President Obama on Thursday sought to align the US with forces of democratic change sweeping the Arab world. His Middle East speech also prodded Israel and the Palestinians on peace talks, but was met with immediate pushback.
President Barack Obama may have impressed much of the Arab world with his 2009 Cairo speech. But today's effort won't be remembered nearly as fondly.
In contrast with Obama's major speech two years ago in Cairo, today's address on the Middle East has generated little interest in Egypt. But Libyans and Syrians have higher hopes.
A total of five Western journalists regained their freedom on Wednesday. Four that were held by the Libyan government, including Americans James Foley and Clare Gillis, made their way to a Tripoli hotel.
The arrest of French presidential favorite Dominque Strauss-Kahn on sex-crime charges is causing some French journalists to rethink the taboo on coverage of the private lives and loves of powerful figures. Private should not always be private.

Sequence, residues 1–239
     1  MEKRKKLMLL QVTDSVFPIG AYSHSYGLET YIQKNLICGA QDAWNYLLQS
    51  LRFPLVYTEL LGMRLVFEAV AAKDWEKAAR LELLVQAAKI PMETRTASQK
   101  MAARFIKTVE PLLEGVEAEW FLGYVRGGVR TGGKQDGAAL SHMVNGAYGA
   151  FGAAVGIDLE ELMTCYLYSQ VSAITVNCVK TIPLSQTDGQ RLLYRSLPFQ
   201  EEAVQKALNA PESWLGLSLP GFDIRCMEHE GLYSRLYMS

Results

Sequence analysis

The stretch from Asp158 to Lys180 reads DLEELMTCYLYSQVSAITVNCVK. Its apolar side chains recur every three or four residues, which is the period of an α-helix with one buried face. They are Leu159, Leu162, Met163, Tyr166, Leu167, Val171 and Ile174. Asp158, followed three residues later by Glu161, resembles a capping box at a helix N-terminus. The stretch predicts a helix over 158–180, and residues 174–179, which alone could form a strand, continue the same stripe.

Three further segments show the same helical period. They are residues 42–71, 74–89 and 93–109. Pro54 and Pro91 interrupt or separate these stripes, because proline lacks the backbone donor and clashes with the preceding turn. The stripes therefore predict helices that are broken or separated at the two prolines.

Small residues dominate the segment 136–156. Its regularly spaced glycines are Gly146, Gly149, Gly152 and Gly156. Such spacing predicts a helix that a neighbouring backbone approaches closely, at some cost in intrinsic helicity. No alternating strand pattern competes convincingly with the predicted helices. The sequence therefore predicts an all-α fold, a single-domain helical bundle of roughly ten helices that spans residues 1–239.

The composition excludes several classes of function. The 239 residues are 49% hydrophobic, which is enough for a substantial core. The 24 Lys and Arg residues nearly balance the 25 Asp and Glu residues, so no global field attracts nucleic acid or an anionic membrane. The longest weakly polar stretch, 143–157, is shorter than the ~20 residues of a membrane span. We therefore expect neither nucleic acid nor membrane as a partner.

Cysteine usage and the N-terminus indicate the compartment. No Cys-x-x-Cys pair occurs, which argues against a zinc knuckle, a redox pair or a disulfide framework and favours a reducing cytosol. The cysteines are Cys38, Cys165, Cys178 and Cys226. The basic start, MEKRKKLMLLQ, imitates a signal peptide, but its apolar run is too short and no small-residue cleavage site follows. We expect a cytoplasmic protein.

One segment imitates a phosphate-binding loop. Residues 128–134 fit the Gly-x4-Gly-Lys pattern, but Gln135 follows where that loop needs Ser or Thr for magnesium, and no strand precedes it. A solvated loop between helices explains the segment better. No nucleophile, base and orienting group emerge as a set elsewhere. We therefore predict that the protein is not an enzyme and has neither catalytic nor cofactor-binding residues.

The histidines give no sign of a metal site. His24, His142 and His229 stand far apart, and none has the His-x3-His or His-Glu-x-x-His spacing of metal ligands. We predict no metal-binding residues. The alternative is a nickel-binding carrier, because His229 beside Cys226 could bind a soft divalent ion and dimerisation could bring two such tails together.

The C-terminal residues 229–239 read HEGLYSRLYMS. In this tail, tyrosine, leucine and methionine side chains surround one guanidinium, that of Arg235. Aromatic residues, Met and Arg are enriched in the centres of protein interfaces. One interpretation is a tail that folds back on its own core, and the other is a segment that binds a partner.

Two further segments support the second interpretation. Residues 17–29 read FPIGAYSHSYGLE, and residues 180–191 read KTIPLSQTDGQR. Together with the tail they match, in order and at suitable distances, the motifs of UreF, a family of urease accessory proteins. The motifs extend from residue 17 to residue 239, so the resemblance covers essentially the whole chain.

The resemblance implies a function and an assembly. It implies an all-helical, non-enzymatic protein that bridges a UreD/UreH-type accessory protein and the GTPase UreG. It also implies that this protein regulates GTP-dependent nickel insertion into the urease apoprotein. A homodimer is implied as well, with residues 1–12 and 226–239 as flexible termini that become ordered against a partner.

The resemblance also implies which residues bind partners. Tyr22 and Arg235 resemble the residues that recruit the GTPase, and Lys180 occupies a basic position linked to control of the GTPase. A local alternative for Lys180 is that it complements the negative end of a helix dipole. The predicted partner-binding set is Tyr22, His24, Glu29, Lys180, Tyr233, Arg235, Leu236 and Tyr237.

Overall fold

Protests erupted on Israel’s borders and throughout East Jerusalem and the West Bank on Sunday as Palestinians marked the 63rd anniversary of Israel’s independence, which they refer to as the “nakba,” or catastrophe, because it resulted in the displacement of hundreds of thousands of Palestinians. Israel has used the clashes to argue that it does not have a legitimate partner for peace, while Arabs have capitalized on the regional spirit of uprising to press Palestinian claims to statehood. Here is a roundup of notable statements:
The Nakba Day protests by Palestinian refugees to enter Israel were supposed to be nonviolent. Both sides failed, and they need to commit to the peaceful, democratic ideals of the Arab Spring.
The unprecedented Arab protests on Israel's borders, pegged to the 63rd anniversary of Israel's declaration of statehood, resulted in at least 10 dead and hundreds wounded.